Trial – phase two
The aim of phase two was to identify the optimal care pathway post-diagnosis of AF using the Kardia device. This included reducing access to treatment from 12 weeks to two weeks to protect people from the possibility of AF-related strokes.

The Test Bed convened a working party with representatives of all relevant stakeholders: pharmacists, GPs, community nurses, cardiologists and cardiology nurses, and commissioners to design the new pathway. The local CCG also joined the working party; partly because early detection may increase workload flowing through the pathway, and partly to ensure the safety and quality of the pathway.

21 pharmacies took part in phase two, although most of the pathway developments were associated with the pharmacies. In the trial, 672 traces were captured in the pharmacies of which 110 were referred to the clinic. The clinic triaged out 74 which meant that 36 patients were invited for further tests.


Key champions: In the Test Bed trial a lead pharmacist championed the use of Kardia in community pharmacies.

Trialling within different contexts: Two major barriers to the adoption of Kardia were identified in the examples. First, it had to be shown that the device could be used by GP practice and pharmacy staff to capture ECGs. Second, once AF had been detected, a pathway was needed to confirm diagnosis and provide timely, effective treatment.

With the lead pharmacist’s role in the AFA trial, Care City was able to support trialling of Kardia in different settings, and also trial a new care pathway within which the device could be embedded.

Funding and infrastructure: As an NHS Test Bed, Care City was able to provide the resources to systematically test the use of Kardia in GP practices and in community pharmacies, and facilitate the development of the optimal pathway for the early detection and subsequent treatment of AF.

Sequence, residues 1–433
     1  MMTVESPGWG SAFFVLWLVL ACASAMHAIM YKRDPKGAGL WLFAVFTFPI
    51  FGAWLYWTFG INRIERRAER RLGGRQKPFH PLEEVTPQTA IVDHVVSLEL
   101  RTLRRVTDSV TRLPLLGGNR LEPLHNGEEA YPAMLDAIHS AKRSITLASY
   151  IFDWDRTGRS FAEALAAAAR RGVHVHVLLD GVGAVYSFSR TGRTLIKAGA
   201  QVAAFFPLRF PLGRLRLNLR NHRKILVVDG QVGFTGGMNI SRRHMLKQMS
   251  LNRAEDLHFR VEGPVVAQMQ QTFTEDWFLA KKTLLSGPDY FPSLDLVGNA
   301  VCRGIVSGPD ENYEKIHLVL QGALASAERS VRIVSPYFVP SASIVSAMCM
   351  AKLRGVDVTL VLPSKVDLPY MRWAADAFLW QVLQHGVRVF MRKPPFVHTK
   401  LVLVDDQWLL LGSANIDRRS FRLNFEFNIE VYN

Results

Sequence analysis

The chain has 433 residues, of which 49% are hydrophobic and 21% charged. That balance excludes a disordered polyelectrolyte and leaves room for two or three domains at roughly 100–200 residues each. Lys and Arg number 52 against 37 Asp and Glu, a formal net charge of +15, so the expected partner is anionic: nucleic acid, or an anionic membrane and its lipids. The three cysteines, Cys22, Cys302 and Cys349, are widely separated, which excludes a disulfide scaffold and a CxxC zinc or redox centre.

In North East London, the Barking, Havering and Redbridge Provider Alliance have obtained funds to distribute more Kardia devices, and have committed to developing the AF pathway across their region.


AliveCor’s Kardia is a digital application with convincing evidence of its ability to yield valuable diagnostic information when used in a primary care setting. However, there are many ways it can be used within existing care settings. The examples here demonstrate the adaptions required for it to be successfully embedded within GP practice and pharmacy settings. Furthermore, when an intervention is found to accelerate detection, redesign of the care pathway may also be needed to ensure newly diagnosed patients can rapidly access appropriate treatment.


1. Lily Barnett, Programme Manager, Care City Test Bed [at time of writing]
2. Mark Hashemi, AliveCor Distributor, Technomed
3. Jenny Shand, Executive Lead for Care City Test Bed, Programme Director, UCLPartners
4. Francis White, NIA Fellow, AliveCor’s Kardia [at time of writing]
5. Name withheld, Local Pharmaceutical Committee
6. Name withheld, Consultant PharmacistRead the NIA’s 2018 research report, 
Understanding how and why the NHS adopts innovation